Accordingly, it’s not only about short-term engagement but also long-term retention. Think of services like Spotify, Netflix, Amazon Prime, Uber — all retain users for prolonged periods of time because their services are valuable and engaging. In Edtech, we start to see some examples of that with Coursera, Kahoot!, Duolingo in B2C, and with Guild Education in the workforce. In each case, the products are engaging and learners stick around. Generally speaking, strong annual retentions are at 60%+ in B2C and at 130%+ (on a net dollar retention basis) in B2B.
Another key trend today is the embrace of enterprise learning as the 4th education system — which is part of the broader trend we call Life-long Learning. While the current macro environment is creating headwinds and enterprise customers are slimming down on budgets, the need for individuals and for companies to up-skill is increasingly more important with multiple forces disrupting the workforce; on one hand, AI is automating jobs and eliminating “easy” labor, on the other hand, post-covid adjustments are creating disruptions. As a result, the gap for digital skills is widening and the need for outcome-driven education is growing. We are seeing a wide range of providers targeting the worker, from MOOCs to bootcamps to micro credentials, and L&D budgets that used to be a “nice to have” are now a “must have” for anyone who wants to stay competitive.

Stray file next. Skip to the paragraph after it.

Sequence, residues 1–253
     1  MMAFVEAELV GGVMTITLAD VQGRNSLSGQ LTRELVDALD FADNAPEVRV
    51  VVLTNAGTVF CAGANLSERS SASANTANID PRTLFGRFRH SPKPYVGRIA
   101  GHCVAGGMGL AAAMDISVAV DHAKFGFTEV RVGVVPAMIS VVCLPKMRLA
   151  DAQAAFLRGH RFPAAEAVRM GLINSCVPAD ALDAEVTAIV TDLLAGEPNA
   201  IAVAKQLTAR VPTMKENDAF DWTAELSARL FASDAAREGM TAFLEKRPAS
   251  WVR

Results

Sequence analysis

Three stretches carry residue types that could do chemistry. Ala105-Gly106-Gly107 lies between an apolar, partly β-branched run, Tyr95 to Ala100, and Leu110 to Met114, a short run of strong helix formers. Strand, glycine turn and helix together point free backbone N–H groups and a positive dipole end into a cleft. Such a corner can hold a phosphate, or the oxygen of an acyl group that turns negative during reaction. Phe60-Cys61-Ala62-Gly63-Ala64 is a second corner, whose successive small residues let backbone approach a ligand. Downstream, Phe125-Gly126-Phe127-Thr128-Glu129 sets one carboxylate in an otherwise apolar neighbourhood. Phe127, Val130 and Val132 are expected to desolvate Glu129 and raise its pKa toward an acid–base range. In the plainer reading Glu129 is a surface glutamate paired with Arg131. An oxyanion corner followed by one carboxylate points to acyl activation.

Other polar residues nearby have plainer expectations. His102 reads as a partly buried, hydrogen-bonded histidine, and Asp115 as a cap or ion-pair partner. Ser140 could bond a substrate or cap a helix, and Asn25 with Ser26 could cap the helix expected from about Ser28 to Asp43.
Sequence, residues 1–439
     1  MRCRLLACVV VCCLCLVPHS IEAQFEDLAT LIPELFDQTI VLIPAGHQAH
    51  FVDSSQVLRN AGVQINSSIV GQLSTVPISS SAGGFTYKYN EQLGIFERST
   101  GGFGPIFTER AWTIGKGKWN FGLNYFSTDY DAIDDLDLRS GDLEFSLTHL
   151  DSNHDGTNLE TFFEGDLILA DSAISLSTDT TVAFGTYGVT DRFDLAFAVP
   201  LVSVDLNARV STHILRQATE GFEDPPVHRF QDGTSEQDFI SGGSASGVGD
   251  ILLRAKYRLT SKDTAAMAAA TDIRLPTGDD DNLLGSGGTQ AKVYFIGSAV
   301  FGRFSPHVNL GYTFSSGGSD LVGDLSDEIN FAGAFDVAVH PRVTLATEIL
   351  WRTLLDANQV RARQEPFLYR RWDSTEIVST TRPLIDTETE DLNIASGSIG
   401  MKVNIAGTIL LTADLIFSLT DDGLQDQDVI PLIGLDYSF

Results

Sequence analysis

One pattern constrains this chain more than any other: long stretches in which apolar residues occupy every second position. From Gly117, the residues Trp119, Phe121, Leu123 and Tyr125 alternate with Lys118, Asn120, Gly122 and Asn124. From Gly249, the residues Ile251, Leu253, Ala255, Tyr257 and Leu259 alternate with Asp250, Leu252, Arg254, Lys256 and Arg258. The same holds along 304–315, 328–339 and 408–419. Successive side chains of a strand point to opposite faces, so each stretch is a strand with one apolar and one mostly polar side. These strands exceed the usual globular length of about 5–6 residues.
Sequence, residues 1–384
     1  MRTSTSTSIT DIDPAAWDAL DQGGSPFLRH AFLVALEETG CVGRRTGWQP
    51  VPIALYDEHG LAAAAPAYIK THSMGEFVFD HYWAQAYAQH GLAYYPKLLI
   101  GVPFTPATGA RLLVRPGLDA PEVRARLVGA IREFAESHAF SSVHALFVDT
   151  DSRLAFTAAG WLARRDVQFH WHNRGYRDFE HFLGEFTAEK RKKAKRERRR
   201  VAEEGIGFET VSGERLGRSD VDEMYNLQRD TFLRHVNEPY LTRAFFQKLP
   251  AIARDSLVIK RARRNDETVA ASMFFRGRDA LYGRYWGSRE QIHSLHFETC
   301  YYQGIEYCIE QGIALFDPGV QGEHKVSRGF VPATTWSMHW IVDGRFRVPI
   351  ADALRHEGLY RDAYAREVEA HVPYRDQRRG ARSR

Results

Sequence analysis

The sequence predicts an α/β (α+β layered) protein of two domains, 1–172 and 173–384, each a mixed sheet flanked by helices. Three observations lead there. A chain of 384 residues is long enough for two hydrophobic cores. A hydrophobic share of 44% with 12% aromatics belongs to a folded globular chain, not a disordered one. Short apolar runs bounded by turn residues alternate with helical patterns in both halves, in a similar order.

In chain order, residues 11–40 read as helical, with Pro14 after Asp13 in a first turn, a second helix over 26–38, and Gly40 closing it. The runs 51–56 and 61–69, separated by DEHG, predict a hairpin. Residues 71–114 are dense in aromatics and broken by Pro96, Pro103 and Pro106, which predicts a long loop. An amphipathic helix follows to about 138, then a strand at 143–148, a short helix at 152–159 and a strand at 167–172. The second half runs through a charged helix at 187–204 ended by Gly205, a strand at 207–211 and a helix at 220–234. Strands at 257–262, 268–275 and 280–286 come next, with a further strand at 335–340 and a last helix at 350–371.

Mr. Market is betting on Edtech. The reason edtech companies were “undervalued” in past decades was a combination of lower engagement, poor retention and limited LTVs — if you were in K12, you targeted middle-to-high schoolers; if you were in higher Ed, it was college students; in workforce, it was transactional. In all cases, LTV was maximum 1–2 years and retention rates were in the lower double digits.